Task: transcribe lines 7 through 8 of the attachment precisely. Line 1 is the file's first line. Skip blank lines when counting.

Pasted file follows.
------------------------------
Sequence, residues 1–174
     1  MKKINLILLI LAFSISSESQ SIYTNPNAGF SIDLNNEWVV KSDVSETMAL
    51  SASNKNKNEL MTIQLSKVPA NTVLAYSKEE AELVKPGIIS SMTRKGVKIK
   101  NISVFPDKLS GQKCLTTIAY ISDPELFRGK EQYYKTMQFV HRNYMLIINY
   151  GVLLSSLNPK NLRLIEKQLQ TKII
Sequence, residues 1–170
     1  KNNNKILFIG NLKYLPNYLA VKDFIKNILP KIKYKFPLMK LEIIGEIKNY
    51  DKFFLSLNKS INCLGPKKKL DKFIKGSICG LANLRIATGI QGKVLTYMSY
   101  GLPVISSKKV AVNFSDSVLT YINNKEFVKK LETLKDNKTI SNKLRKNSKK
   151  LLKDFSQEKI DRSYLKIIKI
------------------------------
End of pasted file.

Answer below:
     1  KNNNKILFIG NLKYLPNYLA VKDFIKNILP KIKYKFPLMK LEIIGEIKNY
    51  DKFFLSLNKS INCLGPKKKL DKFIKGSICG LANLRIATGI QGKVLTYMSY